The 5 fundamentals of business cybersecurity

The 5 fundamentals of business cybersecurity

To make certain concepts easier to understand and to undertake, one could break them down to lists of fundamentals. It works in any discipline, too: The three fundamentals of defensive driving; The four fundamentals of grilling beef; The five fundamentals of meditation.

This formula definitely applies to the world of business technology, and one area where it is particularly useful is cybersecurity. That’s a critical aspect of office IT, but it can be overwhelming to many small-business owners, especially if they’ve never seen it spelled out clearly.

Luckily for our readers, we’ve compiled a list of five straightforward, easy-to-implement fundamentals of business cybersecurity that will ensure your organization’s networks and systems are always protected from cyber threats.

What are the cyber threats?

Perhaps we should first provide a brief explanation of what kinds of dangers the five fundamentals of business cybersecurity will protect you from -- everyone knows that viruses can infect your computers and do serious damage, but they’re just one of a handful of dangers.

Businesses can be brought to their knees by other forms of malware such as worms, trojans, and a particularly nefarious strand called ransomware; by “zero-day” attacks which exploit previously unknown software vulnerabilities as soon they’re announced; and by Denial-of-Service onslaughts where your network gets flooded with traffic that can crash your servers.

Given all that, where should you start in order to keep your network and systems safe? Let’s have a look:

#1 - Stay Current

Time after time, Charles IT takes calls from soon-to-be customers because they’ve been infected by malware that’s wreaking havoc on their productivity tools like Microsoft Office suite or Google Chrome. And time after time, it turns out that the app or browser that’s been infected is seriously outdated in terms of security patches and updates.

We can’t always say with absolute certainty that their systems were breached because they were outdated, but we’re certain enough to say this: If your business doesn’t have the personnel or resources available to keep your software applications and web browsers always up to date, call a professional.

#2 - Use the Proper Tools

There are numerous tools on offer to help you keep cyber attackers at bay, like firewalls which are ubiquitous in the world of IT security, relatively easy to install, affordable, and available as either hardware or software appliances.

Other frontline cybersecurity solutions you should consider include Intrusion Detection Systems comprised of both hardware and software components; Encryption programs that encode things like customer account data and passwords so only your authorized personnel have access; and of course Anti-Malware programs that stand guard over your email system, perform regular scans of your servers, and stay updated automatically.

#3 - Maintain Strong Passwords

One of the surest ways to prevent private company data from being compromised is for those authorized personnel to use strong passwords. Without them, even low-level hackers will have the run of the place via simple “brute force” attacks which amount to little more than guesswork.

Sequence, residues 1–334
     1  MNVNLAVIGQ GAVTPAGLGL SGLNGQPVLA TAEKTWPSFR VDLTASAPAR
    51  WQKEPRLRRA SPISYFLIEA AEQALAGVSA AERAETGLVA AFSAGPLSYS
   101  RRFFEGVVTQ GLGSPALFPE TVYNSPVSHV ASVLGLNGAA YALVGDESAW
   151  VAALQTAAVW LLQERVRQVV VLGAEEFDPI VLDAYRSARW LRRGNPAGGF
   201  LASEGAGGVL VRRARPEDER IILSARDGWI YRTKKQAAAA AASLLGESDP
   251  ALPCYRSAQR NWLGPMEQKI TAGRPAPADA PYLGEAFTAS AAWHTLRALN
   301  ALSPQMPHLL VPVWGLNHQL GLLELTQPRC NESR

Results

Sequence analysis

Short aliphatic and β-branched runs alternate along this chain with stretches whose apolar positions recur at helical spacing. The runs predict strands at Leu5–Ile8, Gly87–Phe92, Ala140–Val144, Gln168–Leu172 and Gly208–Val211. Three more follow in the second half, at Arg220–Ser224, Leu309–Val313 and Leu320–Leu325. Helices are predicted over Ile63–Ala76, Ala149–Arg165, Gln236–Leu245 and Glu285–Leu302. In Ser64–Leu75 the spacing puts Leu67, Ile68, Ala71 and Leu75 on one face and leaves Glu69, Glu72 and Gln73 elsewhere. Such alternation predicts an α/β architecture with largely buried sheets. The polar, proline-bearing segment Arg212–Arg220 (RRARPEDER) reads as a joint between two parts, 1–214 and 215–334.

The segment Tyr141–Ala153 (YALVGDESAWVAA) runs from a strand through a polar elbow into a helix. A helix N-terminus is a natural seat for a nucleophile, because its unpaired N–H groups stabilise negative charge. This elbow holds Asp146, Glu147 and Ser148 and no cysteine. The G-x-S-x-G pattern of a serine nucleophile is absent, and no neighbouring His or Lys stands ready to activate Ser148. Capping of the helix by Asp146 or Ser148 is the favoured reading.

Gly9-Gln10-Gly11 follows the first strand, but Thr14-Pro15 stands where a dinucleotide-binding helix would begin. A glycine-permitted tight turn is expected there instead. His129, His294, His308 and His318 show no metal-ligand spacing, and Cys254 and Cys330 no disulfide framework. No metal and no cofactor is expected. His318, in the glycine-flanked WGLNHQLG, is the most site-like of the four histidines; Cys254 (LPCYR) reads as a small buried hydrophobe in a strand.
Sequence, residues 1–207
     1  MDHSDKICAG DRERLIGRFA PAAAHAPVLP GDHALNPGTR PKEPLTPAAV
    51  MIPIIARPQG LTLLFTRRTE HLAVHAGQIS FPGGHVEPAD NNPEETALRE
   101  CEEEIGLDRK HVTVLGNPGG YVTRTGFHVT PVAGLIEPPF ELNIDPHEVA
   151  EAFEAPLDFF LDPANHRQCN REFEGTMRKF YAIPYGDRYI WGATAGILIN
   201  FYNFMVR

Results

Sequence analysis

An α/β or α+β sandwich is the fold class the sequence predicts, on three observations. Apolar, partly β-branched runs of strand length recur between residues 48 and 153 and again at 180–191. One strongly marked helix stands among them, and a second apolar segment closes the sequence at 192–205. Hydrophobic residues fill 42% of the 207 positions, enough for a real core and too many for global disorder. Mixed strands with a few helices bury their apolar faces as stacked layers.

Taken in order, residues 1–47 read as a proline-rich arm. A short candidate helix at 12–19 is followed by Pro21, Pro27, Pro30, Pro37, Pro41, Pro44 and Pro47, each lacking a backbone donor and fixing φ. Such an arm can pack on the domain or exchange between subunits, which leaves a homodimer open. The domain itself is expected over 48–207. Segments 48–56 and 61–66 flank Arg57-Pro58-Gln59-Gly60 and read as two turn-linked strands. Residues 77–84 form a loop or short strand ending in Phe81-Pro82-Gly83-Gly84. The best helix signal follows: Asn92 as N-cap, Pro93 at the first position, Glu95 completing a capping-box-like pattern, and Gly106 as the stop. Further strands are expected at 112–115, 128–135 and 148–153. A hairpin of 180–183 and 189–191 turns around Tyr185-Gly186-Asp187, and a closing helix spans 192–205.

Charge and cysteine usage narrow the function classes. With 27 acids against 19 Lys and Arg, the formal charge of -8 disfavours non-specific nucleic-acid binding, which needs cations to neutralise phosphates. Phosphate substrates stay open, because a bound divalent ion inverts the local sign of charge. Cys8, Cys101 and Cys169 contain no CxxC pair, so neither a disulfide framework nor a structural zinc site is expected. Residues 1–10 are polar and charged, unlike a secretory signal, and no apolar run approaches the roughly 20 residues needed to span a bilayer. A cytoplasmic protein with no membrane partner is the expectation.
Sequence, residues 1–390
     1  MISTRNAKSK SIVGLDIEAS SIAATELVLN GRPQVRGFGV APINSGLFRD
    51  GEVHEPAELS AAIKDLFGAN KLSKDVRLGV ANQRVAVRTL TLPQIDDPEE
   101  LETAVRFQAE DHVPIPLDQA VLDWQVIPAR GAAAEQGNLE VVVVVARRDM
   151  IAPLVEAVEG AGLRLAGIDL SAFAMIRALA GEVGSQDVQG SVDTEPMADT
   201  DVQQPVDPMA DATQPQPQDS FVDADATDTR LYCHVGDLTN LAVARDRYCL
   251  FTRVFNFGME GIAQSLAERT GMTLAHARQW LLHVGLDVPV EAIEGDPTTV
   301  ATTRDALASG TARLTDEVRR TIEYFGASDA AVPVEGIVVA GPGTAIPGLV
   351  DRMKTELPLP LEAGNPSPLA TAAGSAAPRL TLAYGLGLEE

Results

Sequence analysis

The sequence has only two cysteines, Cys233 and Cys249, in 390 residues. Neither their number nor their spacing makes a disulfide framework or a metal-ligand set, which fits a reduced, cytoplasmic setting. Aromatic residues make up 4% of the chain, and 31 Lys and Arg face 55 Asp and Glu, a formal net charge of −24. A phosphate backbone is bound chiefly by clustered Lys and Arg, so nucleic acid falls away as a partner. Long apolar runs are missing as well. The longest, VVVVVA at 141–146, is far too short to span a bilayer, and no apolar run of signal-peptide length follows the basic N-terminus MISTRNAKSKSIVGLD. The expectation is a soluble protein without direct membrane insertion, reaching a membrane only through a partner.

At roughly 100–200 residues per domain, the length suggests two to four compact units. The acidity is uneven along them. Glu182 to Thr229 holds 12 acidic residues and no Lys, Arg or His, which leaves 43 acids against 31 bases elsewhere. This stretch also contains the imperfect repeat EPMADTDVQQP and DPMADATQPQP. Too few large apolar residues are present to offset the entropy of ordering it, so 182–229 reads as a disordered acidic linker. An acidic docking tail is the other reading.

You probably know the basics, but they’re worth repeating. Passwords should contain both uppercase and lowercase letters, numbers, and symbols. And perhaps most importantly, longer passwords are better. So when you drill your teams on how to create strong ones, make sure they’re getting creative and that they’re setting different passwords for every account so hackers have to actually work for their exploits.

#4 - Educate Your Employees

This fundamental aspect of business cybersecurity goes well beyond policing your users’ passwords. In fact, educating your employees on computer network defense should be an ongoing program that covers a wide range of topics.

These should include how to access public WiFi networks safely, how to share files and other sensitive data carefully, how to avoid “Social Engineering” scams that trick email recipients into revealing passwords, and how to recognize phishing scams and links containing malware.

#5 - Prepare for the Worst

Even if you’ve got the previous four fundamentals down pat, as a business owner or chief IT stakeholder you should be cognizant of the fact that “stuff” still happens. As such, it is important to have plans in place that react to and rectify security breaches quickly.

Charles IT can help you prepare for the worst, with a range of data backup and disaster recovery plans focused on minimizing downtime and other potential damage should your company ever be hacked -- because we do more than simply publish lists showing off our expertise.

Our technicians are certified network surveillance specialists who provide cybersecurity support whenever clients call for help, and who maintain Managed Security programs for clients more comfortable with professional round-the-clock security monitoring. In either case, you can expect service and support that dive much deeper than the five fundamentals.